Motion for proposed recallable nickel tax fails

Published 6:00 am Thursday, June 15, 2017

By Joshua Qualls

STANFORD — Following several town hall meetings and a number of mixed public reactions, the Lincoln County Board of Education struck down the proposed recallable nickel tax without a vote during its June 8 meeting.

With a state match of nearly $11 million, coupled with the $7.2 million the nickel tax would provide, its passage would have provided the school district more than $21 million in bonding potential needed for renovations, construction, existing debt or new property.

Adoption of the levy was supposed to be a two-tier process with a later vote concerning how to spend the money, but early debate on that topic stoked fears about shuttered schools and added debt. If it had passed Thursday, the first vote would have established an effective rate of 5.9 cents for each $100 valuation of real and personal property in the county.

“I’m proud of our board for even considering it,” said Superintendent Michael Rowe, noting he respected the decision. “Any time you put tax on our citizens, it’s a tough thing to do.”

McKinney and Waynesburg elementary schools — both of which were focal points in negative criticism about consolidating four old schools, including Hustonville and Highland — attracted the largest crowds, but fewer than 100 people showed up to the nine town-hall meetings combined.

Other criticism revolved around the the district’s existing debt, which includes about $30 million in previous bonds.

Yolanda Smith was the only board member to make a motion proposing the recallable nickel, which died due to lack of a second.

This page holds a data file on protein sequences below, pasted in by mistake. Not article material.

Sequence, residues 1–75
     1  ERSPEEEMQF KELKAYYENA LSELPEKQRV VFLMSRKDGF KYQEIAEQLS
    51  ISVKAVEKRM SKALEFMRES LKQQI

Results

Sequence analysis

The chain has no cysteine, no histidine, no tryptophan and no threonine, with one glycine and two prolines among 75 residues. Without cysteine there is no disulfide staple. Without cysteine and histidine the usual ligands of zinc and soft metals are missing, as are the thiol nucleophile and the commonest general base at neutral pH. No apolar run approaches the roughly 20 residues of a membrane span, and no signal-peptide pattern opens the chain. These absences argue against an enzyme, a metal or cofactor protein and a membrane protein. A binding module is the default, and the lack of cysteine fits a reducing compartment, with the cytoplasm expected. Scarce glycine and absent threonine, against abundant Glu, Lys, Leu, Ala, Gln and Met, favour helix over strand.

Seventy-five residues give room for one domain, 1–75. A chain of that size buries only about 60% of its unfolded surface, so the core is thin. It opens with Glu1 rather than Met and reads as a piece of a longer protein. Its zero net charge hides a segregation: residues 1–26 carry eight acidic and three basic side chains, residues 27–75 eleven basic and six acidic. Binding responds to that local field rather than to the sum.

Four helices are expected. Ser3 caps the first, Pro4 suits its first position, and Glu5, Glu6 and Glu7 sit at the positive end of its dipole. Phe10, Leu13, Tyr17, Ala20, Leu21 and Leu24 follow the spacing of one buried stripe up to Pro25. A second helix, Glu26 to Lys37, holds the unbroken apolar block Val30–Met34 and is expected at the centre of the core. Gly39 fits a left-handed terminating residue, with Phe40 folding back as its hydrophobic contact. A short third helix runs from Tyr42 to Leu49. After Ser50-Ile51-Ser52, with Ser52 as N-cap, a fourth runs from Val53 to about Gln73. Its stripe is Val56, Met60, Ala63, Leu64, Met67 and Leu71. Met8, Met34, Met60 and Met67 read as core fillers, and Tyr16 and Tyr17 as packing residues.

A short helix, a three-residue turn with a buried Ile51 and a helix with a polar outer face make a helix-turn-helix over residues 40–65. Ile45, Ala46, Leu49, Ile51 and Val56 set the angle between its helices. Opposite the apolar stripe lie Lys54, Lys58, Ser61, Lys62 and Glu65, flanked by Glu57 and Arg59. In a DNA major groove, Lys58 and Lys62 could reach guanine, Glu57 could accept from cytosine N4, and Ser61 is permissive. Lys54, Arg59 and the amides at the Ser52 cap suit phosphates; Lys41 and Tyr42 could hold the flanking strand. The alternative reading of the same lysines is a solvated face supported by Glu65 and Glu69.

“(Taxpayers are) not saying that they’re against the nickel tax, they’re against what we do with that nickel tax,” Smith said, noting she was shocked because it did not pass. “So voting ‘no’, to me, is not doing what … some of those people are saying.”

Board member Theresa Long, who represents McKinney, refrained from seconding Smith’s motion because of the concerns over consolidation and potential for additional debt, but she said she was not opposed to the nickel tax itself.

“My concern is how we spend it,” she said. “I want to see it utilized to the maximum potential to get us out of some of this debt we’re in.”

Although the board could have decided what to do with the revenue and potential bonds later, Long said she could not justify the risk of passing the levy without first knowing how it would be spent.

“I have had lots of people from McKinney ask me not to close the school,” she said. “I can’t ask the people to let us do that.”

The motion was only to pass the recallable nickel tax and did not include any provisions regarding the closure or consolidation of schools, which would require a separate vote by the board.

Although he thought the nickel tax would have been a great long-term investment, Rowe said he understood how it could have been a burden for the taxpayers.

“We’ll go a different direction to make sure our kids still get the best they deserve,” he said.

A group of Lincoln County citizens have organized a rally in support of the nickel tax for 5 to 6 p.m. on June 20 in the old Food Lion’s parking lot at 29 Frontier Blvd. More information can be found on the group’s Facebook page, entitled “We Support the Lincoln County Nickel Tax.”

In other business, the board:  

•  Heard the Stanford Early Childhood Center’s roof has been completed and construction workers began laying brick Monday.

•  Heard Crab Orchard Elementary’s fence replacement is expected to be completed in three or four weeks.

•  Voted to accept student insurance bids from Hartford insurance for $81,645.80.

•  Approved the $1 million 2017-2018 fidelity bond.

•  Approved a match to KETS offers of assistance for $83,921.

•  Approved purchase of Fort Logan Cafeteria for $19,900.

•  Approved the renewal of the drug-testing contract with Forward Edge Associates.

•  Approved 2017-18 Evaluation Plan.